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Archaeological geophysics, gives us a group of techniques that can be used to detect buried archaeological remains. Some of the more common ones include magnetometry, magnetic susceptibility mapping, resistivity and ground-penetrating radar (GPR). These are known as remote-sensing or prospection techniques. They help archaeologists locate buried structures and deposits and are very useful for helping to target excavation areas.

From experimental beginnings in the 1950’s and 1960’s, geophysical techniques have grown into standard archaeological field practice, both on research and development led projects. Still one of the fastest-developing aspects of field survey, it relies heavily on computer technology to translate electrical and electronic measurements taken in the field into maps and plots that can be interpreted archaeologically. The areas which can be surveyed effectively using geophysics have grown from a few square metres in the 1950s to many thousands of square metres today, making it an important tool for investigating landscapes as well as individual features and sites.


Magnetometry is the technique of measuring and mapping patterns of magnetism in the soil. Ancient activity, particularly burning, leaves magnetic traces that show up even today when detected with the right equipment. Buried features such as ditches or pits, when they are filled with burnt or partly burnt materials, can show up clearly and give us an image of sub-surface archaeology.

Soil is a complex build-up of material that is affected by many types of past activity. One of the most common is burning: this can take place for a variety of reasons – deliberately or accidentally; in one location or spread across an area of crop or woodland. Burning permanently changes the magnetic properties of the surrounding soil by altering the magnetism of tiny iron particles. After this soil or stone has been moved, such as by ploughing, earthwork construction or ditch infill, this activity can be traced by looking for variations in soil magnetism against the general background of the earth’s magnetic field. An area in which the soil has a slightly different magnetic orientation to the surrounding earth can indicate the presence of sub-surface archaeology.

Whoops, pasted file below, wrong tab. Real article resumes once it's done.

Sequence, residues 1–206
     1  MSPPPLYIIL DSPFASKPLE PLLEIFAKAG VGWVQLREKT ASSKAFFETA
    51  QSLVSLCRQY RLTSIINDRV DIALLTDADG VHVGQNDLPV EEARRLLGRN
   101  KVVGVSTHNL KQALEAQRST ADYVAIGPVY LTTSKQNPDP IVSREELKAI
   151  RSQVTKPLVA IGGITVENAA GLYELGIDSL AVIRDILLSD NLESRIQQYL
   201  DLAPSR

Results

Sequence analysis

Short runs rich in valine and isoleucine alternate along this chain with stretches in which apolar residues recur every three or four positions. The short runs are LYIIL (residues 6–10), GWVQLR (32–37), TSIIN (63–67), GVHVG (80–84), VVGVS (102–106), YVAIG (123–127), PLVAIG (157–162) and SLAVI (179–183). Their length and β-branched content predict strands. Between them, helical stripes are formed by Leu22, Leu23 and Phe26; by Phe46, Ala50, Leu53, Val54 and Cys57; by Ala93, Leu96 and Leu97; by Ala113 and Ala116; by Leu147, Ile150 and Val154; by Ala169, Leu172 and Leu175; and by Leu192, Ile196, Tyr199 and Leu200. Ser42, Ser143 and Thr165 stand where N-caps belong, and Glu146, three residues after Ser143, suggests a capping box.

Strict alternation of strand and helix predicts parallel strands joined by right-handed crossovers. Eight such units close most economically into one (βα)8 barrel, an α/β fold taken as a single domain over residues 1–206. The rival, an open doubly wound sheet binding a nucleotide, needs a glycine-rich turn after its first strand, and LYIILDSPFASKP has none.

In some cases, the magnetic properties of the soil can be altered by bacterial action.  Magnetometry only works when past activity has produced a measurable pattern of magnetic contrast. Graves, for example, rarely show up magnetically because they involve putting the same soil back into the hole very quickly after it was dug out (but cremations are very magnetic). Magnetometry is also not possible where there is non-archaeological magnetic contamination, such as metal fencing, iron refuse or traces of extensive modern burning.

An instrument known as a ‚magnetometer’ is required to measure and map traces of soil magnetism.


Resistivity is a form of geophysical survey where electrical current is passed through the ground. Electrical resistance in the soil varies, and is affected by the presence of archaeological features. The patterns of resistance in the soil are recorded, plotted and interpreted.

This method uses a resistivity meter, which is a square frame with two or four metal points (electrodes) sticking downwards, 50 or 100 centimetres apart along the base of the frame. These are inserted into the soil a brief pulse of weak electrical current is passed between them; the level of resistance (measured in ohms) is recorded on a data-logger; these readings are later downloaded onto a computer which uses a graphics programme to produce a map or plot of the resistance patterns across the survey area.

All electrical currents are subject to some level of resistance – this can be very low in the case of copper wire or water, or very high in the case of air, pottery or stone. Electrical currents are conducted through the soil by mineral salts contained in water – the moisture content is therefore essential to the level of resistance in the soil.

Buried archaeological features with varying moisture content such as ditches and pits (often higher moisture) and stone walls (often lower moisture) stand out compared to the soil around them – and can therefore be detected in the survey. Once the patterns of resistance are plotted, it is often very clear where walls or ditches exist, even though they are invisible from above ground. This information can be used to complement other geophysical data, for example from magnetometry, or to target the location of excavation trenches.


Ground penetrating radar (GPR) is a variation on conventional radar, which sends a radio signal into the soil which is reflected by variations in density below ground. It is very good at detecting the structures of buried masonry structures, and can effectively show holes or voids below ground – it is therefore valuable in finding buried parts of buildings such as crypts, tombs or cellars, and showing up building foundations.

GPR is very useful to archaeology where there are voids and substantial deeply-stratified masonry remains, hence it is particularly valuable on urban sites, ditches, cave structures, ancient mines or large landscape features such as dry river channels, but it is rather less use in the softer and more finely-differentiated types of deposit encountered on many rural archaeological sites.


Aspinall A., Gaffney C., Schmidt A.
2009 Magnetometry for archaeologists, Lanham

Conyers L.B., Goodman D.
1997  Ground Penetrating Radar, An Introduction for Archaeologists, London

Misiewicz K.
2006 Geofizyka archeologiczna, Warszawa


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